Posted by: Michael Mandel on June 24
In a recent column, Washington Post columnist Robert Samuelson says that:
Our ideas for explaining trends in output, employment and living standards — what we call “macroeconomics” — are in a state of disarray.
Mark Thoma, an economist at the University of Oregon, responds by making fun of Samuelson, saying that
Yes, change in macroeconomics certainly has outpaced his comprehension…If he reflects the best and brightest in our press corps, we should be very worried.
I don’t agree with Samuelson on a lot of things. But on this question he is right on. Anyone with a bit of sense in them knows that macroeconomics has some real problems. The proof is in the pudding.
1) Year ahead forecasts of short-run growth, by and large, are terrible, because macroeconomists have developed no good way of forecasting structural productivity growth.
2) Year ahead forecasts of long-term interest rates, by and large, are terrible. On average, forecasts peg the interest rate next year as being equal to the interest rate today.
3) There’s little agreement about the magnitude of the link between wealth and consumption, and whether it matters which kind of wealth it is. Forecasts about the effect of the stock market decline on consumption were way off.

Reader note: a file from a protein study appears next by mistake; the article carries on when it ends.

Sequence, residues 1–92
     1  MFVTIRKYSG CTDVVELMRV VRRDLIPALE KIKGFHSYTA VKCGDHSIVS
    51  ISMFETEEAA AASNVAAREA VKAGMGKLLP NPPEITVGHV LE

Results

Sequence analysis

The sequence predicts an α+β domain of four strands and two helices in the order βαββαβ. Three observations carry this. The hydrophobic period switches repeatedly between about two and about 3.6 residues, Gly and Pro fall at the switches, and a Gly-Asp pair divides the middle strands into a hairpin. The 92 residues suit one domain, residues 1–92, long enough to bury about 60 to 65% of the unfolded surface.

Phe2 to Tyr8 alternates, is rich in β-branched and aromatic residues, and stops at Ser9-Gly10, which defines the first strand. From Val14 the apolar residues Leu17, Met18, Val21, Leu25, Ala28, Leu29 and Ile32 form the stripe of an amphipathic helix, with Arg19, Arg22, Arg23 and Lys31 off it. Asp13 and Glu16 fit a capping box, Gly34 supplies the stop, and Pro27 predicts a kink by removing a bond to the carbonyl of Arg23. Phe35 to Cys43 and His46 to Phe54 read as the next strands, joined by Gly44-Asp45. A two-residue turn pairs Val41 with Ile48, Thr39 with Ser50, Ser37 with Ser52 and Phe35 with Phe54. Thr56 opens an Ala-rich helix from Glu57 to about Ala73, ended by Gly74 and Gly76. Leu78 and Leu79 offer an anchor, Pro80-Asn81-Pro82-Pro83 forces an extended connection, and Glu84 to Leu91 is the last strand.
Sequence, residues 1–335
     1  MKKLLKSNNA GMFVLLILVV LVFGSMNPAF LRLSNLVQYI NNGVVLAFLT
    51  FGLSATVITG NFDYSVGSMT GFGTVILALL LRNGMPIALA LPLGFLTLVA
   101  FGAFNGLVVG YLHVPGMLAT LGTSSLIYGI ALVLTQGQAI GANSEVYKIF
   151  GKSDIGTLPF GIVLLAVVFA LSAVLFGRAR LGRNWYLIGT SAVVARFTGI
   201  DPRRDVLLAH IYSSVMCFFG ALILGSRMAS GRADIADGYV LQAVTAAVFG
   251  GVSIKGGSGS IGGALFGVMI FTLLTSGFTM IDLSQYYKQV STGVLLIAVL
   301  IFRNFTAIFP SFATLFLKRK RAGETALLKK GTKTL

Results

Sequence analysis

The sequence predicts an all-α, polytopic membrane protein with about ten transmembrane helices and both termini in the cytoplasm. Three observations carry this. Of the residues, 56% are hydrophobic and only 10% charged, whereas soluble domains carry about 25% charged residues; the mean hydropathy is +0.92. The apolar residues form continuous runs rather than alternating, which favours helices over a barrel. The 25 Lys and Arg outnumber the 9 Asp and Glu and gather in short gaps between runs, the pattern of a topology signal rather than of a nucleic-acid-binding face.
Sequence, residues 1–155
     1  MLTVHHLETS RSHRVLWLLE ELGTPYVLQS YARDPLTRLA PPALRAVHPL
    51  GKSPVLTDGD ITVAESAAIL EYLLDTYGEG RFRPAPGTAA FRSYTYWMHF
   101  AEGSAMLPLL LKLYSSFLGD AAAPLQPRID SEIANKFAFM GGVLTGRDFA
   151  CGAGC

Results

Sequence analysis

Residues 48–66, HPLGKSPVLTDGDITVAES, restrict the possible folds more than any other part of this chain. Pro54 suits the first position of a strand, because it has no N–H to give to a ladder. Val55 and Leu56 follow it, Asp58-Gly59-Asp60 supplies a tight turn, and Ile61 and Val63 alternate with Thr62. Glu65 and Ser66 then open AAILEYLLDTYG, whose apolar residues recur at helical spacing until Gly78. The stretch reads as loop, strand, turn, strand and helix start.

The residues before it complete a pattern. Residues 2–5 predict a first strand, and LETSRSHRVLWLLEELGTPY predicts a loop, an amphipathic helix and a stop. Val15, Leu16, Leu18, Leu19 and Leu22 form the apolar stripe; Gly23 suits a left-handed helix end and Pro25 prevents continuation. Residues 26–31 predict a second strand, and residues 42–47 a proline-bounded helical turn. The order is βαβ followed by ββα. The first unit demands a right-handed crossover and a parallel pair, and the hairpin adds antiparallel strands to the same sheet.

4) The estimated “natural rate of unemployment” seems to move around unpredictably, as Samuelson says.
5) Even though macro models have formally included an international component for years, economists have continued to make policy suggestions as if the U.S. was still a relatively closed economy.
Macroeconomics fails the empirical test—it missed the biggest economic events of the past ten years, including the acceleration of growth in the mid-1990s, the tech investment slump of 2000-2002, the continued strength of consumption over the past 5 years, and even the housing boom.
Not really anything to be proud of.
Michael Mandel, BW's award-winning chief economist, provides his unique perspective on the hot economic issues of the day. From globalization to the future of work to the ups and downs of the financial markets, Mandel-named 2006 economic journalist of the year by the World Leadership Forum-offers cutting edge analysis and commentary.